Aug 01

Tiptoe to the Barn….

Posted: under Life beyond writing, the writing life.
Tags: ,  August 1st, 2019

Where the new resident now appears to be headed for permanency….a ten year old gelding whose new barn name (didn’t have one before that I know of) is “Tigger.”  Tigger looks somewhat like Kallie, except that he’s shorter in the back with a longer hindquarter…in other words better basic structure.   Here he is at the training facility where I bought him, all spiffied up for his portrait.

And here he is at home, very cautious about those dangerous-looking jump blocks. Who knows what horrors might be in them?

A week plus later, he’s more relaxed, turning to come toward me in the late evening light.  ‘Oh, it’s you…got any of those carrot things?”


Like all horses, he has some dings and some training challenges.  He injured one leg as a young horse and has an impressive scar on his left knee that does not affect his action at all.  He also has a splint bump on the cannon bone of the same leg, also not affecting his movement.  No data on whether these injuries occurred at the same time.  These are blemishes that interfered with his planned halter career, but not a problem for the use he will have here.

More challenging is a clearly very settled habit of balling up his tongue behind the bit.  As this is not good for him, or for me as a rider,  and convincing a horse that automatically balls up his tongue when the bit enters his mouth is known to be a difficult fix, I’ve decided to retrain him for bitless riding.  So far, at the groundwork stage, using his usual flat webbing halter and clip-on reins, it’s going well.  Having his tongue balled up behind the bit would certainly explain his rather, um, strong contact when being ridden (both observed with another rider and while riding him for the test.)   I was told “You have to keep a tight hold on him, and really pull to stop him.”  I love his forward-going nature, and his alertness, but prefer to have a horse light in the bridle.  Without the bit in his mouth, he seems to need only consistent training to be light.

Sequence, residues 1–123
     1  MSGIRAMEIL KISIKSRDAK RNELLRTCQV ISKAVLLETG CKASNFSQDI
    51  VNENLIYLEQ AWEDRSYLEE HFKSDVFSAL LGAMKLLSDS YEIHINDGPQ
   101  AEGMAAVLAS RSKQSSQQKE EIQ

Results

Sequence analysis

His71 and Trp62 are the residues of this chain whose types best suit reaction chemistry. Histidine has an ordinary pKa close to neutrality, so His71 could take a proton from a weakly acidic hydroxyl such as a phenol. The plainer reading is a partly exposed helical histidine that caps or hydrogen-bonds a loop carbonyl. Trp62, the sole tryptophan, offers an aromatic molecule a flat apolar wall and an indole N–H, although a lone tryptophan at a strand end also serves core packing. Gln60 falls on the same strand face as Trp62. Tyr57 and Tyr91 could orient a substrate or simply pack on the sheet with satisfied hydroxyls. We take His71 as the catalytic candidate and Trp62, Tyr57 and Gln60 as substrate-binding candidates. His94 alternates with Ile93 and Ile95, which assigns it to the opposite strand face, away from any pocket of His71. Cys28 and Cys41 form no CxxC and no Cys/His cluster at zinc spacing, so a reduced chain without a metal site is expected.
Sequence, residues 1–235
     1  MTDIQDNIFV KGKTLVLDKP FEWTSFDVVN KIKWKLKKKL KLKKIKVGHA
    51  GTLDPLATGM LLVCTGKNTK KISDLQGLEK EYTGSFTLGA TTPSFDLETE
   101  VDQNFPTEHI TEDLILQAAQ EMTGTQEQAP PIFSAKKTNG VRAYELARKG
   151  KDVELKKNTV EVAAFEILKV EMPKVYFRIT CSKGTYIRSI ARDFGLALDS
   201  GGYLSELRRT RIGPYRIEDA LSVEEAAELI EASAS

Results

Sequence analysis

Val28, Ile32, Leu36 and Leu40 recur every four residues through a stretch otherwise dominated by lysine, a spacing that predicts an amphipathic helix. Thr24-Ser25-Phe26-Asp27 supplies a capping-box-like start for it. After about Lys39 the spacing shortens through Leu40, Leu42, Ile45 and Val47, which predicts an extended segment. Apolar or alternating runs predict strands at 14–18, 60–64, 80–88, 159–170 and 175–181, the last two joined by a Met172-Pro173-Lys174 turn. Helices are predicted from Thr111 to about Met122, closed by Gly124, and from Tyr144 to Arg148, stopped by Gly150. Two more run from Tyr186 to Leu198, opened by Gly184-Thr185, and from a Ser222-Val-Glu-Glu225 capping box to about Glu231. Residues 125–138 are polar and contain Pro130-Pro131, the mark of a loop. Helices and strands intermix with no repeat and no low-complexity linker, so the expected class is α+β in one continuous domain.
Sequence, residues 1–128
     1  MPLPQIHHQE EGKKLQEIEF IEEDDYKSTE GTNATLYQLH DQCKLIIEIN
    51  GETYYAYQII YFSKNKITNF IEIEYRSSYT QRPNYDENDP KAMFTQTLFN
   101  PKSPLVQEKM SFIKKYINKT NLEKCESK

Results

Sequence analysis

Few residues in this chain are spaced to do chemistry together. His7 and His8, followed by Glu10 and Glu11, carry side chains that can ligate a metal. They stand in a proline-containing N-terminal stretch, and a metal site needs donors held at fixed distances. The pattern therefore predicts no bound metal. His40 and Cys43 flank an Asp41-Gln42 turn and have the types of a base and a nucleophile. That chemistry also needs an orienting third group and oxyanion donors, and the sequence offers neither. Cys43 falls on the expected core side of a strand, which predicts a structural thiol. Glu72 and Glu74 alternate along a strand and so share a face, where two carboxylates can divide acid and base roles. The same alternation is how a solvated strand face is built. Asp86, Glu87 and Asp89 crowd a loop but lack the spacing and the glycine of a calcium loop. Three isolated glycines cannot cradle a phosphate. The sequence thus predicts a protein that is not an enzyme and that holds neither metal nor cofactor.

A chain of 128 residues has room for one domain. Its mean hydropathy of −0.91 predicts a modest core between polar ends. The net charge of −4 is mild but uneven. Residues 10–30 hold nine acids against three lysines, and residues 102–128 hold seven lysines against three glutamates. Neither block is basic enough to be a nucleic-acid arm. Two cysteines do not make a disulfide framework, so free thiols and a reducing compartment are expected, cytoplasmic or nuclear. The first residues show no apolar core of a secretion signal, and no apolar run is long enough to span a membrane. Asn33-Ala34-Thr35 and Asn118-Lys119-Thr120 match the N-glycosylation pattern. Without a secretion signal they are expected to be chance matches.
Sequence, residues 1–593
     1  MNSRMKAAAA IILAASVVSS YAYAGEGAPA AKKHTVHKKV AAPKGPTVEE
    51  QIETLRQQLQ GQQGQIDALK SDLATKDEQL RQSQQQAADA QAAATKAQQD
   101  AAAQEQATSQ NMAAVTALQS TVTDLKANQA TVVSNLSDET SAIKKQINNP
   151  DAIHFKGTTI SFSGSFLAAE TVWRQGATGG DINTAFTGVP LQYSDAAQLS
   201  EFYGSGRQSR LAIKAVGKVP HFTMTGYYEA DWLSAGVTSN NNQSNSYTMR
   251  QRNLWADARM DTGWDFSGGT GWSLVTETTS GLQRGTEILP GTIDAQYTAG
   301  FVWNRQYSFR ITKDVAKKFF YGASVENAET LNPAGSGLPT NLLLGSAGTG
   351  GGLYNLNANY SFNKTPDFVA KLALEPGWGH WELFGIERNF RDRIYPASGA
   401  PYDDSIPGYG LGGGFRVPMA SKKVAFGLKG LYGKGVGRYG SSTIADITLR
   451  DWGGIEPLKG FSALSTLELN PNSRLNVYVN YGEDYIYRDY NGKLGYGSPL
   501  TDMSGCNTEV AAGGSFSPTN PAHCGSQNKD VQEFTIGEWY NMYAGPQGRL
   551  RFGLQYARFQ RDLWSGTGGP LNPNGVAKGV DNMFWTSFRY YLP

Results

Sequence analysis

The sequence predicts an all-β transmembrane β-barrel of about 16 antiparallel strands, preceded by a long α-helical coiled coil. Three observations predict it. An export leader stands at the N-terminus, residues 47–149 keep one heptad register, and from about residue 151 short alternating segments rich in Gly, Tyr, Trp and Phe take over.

He also needed dental work that will be done this coming week, within his first month here, and the vet may find an explanation for the bitting problem other than someone not doing a good job of introducing him to it.    I know his mouth is small, with a flat palette, so it may be the bits being used with him were simply too big.   If the vet thinks he might ever carry a bit,  I’ll work him bitless for 6 months or so and introduce a different, thinner bit designed for horses with small, sensitive mouths.   In about two-three weeks, if all goes well with the prep work, including at least a week of ground driving with the saddle on, I’ll be on his back using a halter with reins attached (the mildest form of bitless)  and with my trainer’s help we’ll decide which of the several bitless bridles might suit him best…he gets a vote, of course.  Sidepull, rope halter with reins, flat halter with reins, Micklem Multibridle, Dr. Cook’s Bitless Bridle, etc.

In the meantime, ArmadilloCon starts tomorrow and I’ll miss several days work with him.  Love the people at DilloCon but will miss my new horse.  He’s a real character, and I can hardly wait to be riding him when he’s showing off like this, taken at the training facility and shown on his sales page (now removed, alas.)

On the writing side, after he arrived and began settling in…I wrote the first new fiction (very short, very rough draft) that actually finished a story since the concussion.  And I’m starting slowly on the next Vatta book, the third in Vatta’s Peace.  Horses are not a distraction…they’re inspiration.

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